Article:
Global capitalism will survive the current credit crisis; already, the government has rushed in to soothe the feverish markets. But in the long term, a system that depends on extracting every last cent from the poor cannot hope for a healthy prognosis. Who would have thought that foreclosures in Stockton and Cleveland would roil the markets of London and Shanghai? The poor have risen up and spoken; only it sounds less like a shout of protest than a low, strangled, cry of pain.

7 comments:

James said...

This reminds me of a Tom Toles cartoon I saw a while ago: a tycoon looks at a 50s SF-style robot working on an assembly line, and says to himself, "You know, if I paid that thing, it could afford to buy our products..."

Rositta said...

Maybe the slowdown in consumer sales is good for the environment? If people stop consuming, especially goods made in China it's not such a bad thing. I do agree that low wages is something that needs to be addressed but rent to own furniture and payday loan outfits where around in the 50's to suck in unsuspecting immigrants. I know that from experience. Anybody out there remember Household Finance Company? There's lots of stuff I can't afford to buy, but I would never mortgage my house to do so. If I can't pay for it, I don't buy...ciao

L-girl said...

Strangling the poor and working class while the well-off by hi-def TVs, huge SUVs and ever-bigger houses is not a way to fix the economy. The slow-down in consumer sales, in this case, means people are doing without.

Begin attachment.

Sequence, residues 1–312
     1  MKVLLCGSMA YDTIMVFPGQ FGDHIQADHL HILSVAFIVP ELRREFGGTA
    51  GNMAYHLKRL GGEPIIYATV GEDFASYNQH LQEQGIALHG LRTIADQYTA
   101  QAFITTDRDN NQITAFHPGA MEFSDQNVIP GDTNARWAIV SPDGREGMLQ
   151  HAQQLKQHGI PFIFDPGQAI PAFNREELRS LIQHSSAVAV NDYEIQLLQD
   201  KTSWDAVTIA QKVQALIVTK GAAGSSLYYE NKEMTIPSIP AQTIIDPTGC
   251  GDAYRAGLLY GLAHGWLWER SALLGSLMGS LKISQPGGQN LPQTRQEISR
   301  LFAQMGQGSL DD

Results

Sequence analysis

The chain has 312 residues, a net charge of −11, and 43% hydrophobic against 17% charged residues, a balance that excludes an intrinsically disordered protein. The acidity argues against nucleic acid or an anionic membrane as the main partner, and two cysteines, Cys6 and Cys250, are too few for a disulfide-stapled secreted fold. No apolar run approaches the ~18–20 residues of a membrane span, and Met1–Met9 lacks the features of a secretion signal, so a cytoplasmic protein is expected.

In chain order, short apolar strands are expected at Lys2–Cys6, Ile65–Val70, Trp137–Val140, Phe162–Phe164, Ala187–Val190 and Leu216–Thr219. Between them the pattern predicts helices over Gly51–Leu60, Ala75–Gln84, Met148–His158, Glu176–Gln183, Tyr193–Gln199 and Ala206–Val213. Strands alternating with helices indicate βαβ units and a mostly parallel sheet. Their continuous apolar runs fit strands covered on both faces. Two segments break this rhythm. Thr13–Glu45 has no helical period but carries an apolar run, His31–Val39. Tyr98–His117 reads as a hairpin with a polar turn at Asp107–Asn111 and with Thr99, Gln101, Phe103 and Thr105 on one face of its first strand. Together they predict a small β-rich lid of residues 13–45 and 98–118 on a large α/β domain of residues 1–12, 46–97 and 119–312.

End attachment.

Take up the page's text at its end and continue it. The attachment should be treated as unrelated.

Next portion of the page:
M. Yass said...

GBA! TGNOTFOTE!

M. Yass said...

the other hand was reaching out with the tempting offer of credit.

And then they made it more difficult to discharge the debt in bankruptcy.

Then they took away health insurance, or at least made it so you couldn't afford it. Even if you have insurance, it only covers 80 per cent. 20 per cent of the cost of open heart surgery is about $40,000. They'll want it all and now, let me tell you.

Oh, and you want to escape low-wage hell? The only hope you have, and a fairly slim one at that, is to go to college. Enter student loans. Since Pell grants have been cut , you'll have to borrow most of the cost of a college education.

The upshot is, even if you do escape low wage hell, the student loans and medical bills will still get you. And unless you're making upper management salary, the odds are you won't be able to afford to buy a home.

Guess you should just pick better parents, huh?

L-girl said...

The only hope you have, and a fairly slim one at that, is to go to college. Enter student loans. Since Pell grants have been cut , you'll have to borrow most of the cost of a college education.

So you join the military, to finance your education. You join the national guard, to be used for national emergencies. And you are sent to Iraq.

And if you are lucky enough to make it through your tour of duty in Iraq in one piece, and are discharged, to your great relief, you receive a letter - telling you you have been re-upped, involuntarily, for an additional 20 years.

M. Yass said...

So you join the military, to finance your education. You join the national guard, to be used for national emergencies.

That's what I did. Of course, you go through basic training where you march around, yell "sieg heil," become conditioned to fire your rifle at human-shaped targets and all of that other fun, conducive-to-freedom stuff.

And you are sent to Iraq.

I fortunately dodged the Vietraq bullet. I got in just in time for the for the post-Cold War drawdown. Back then, they were kicking people out left and right and deactivating units as fast as they could. My old unit is in Vietraq now, and they've had several casualties.

And if you are lucky enough to make it through your tour of duty in Iraq in one piece,

Long odds of that, especially psychologically. When you start to have PTSD issues, they'll tell you to "quit being a pussy" and to "suck it up and drive on."

and are discharged, to your great relief, you receive a letter - telling you you have been re-upped, involuntarily, for an additional 20 years.

You got it, sista.